The project comprises an interdisciplinary team, from universities to NGOs, private companies, and other entities from different European countries and the USA, with expertise in research, agriculture, social innovation, and communication. The project coordinator is the Polytechnic University of Cartagena, responsible for managing the project and ensuring a smooth collaboration between the partners while considering ethical requirements. Other coordinators include:

• LGI Sustainable Innovation, France - Stakeholder communities for co-creation, co-innovation, and co-learning
• University of Vigo, Spain - Soil biodiversity and ecosystem functions and services across biogeographic areas and land uses
• University of Sussex, United Kingdom - Data analysis for interconnections between soil organisms and ecosystem functions and services, drivers, and upscaling
• Scotland’s Rural College, United Kingdom - Economic valuation of the ecosystem services associated with soil biodiversity
• Euro‑Mediterranean Center on Climate Change, Italy - Policy and incentives
• June Communications, Romania - Communication, dissemination, and exploitation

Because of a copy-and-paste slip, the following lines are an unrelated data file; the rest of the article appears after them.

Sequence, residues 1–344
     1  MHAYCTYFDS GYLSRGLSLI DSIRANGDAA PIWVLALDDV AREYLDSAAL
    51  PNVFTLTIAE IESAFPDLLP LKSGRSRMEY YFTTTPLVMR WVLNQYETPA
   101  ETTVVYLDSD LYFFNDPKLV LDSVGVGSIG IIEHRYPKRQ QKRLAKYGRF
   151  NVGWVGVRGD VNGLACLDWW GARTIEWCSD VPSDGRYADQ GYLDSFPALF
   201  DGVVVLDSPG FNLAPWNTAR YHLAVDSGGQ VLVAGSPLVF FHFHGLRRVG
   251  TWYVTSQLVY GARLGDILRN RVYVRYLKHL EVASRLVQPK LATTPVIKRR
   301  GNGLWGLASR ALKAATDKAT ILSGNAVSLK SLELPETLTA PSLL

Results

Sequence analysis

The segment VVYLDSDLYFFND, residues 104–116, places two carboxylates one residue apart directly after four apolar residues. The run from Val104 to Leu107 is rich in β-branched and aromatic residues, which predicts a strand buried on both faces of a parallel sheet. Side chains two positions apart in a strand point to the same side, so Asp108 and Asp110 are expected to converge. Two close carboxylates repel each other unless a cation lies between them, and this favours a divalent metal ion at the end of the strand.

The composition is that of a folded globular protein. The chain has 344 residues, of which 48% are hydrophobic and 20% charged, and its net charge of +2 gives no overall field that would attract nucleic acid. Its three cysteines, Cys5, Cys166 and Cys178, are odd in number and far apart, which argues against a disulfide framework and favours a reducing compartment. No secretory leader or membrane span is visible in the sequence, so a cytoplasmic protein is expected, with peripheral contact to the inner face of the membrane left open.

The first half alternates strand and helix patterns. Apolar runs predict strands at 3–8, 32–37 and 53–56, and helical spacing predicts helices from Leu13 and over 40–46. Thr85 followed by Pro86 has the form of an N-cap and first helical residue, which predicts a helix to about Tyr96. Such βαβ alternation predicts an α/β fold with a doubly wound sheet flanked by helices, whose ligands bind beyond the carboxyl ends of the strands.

The partners involved in the BIOservicES project include the Institute for Agricultural, Fisheries and Food Research - Belgium, Thünen Institute, Federal Research Institute for Rural Area, Forests and Fisheries - Germany, Council for Agricultural Research and Economics - Italy, Zabala Innovation Consulting - Spain, Spanish National Research Council - Spain, The Technical University of Munich - Germany, Wageningen University - the Netherlands, Latvian State Forest Research Institute "Silava" - Latvia, Tuscia University - Italy, Agrocultivate - Spain, Foundation Juana de Vega - Spain, Flächenagentur Rheinland GmbH - Germany, SIA Rigas Mezi - Latvia, Research Institute of Organic Agriculture - Switzerland, and Arizona Board of Regents for and on behalf of Northern Arizona University - United States.

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About BIOservicES
The BIOservicES project, led by the Polytechnic University of Cartagena and coordinated by Professor Raul Zornoza, started in September 2023. BIOservicES aims to understand the interconnection between soil organisms and the delivery of multiple soil ecosystem functions and services at different scales, identifying the pressures and drivers resulting from different land uses and climate change, and performing an economic valuation of the contribution of soil organisms to ecosystem services. BIOservicES aims to provide new insights, indicators, and digital decision-making tools to help design climate-resilient management practices and monitoring, conservation, and restoration programs that are adapted to various European environments. These programs will maintain and enhance the multiple soil ecosystem functions and services in which soil organisms play a critical role. The 60-month project with a 7 million euro budget will bring together 22 partners from 11 countries, ranging from public institutions to universities, NGOs, and private companies.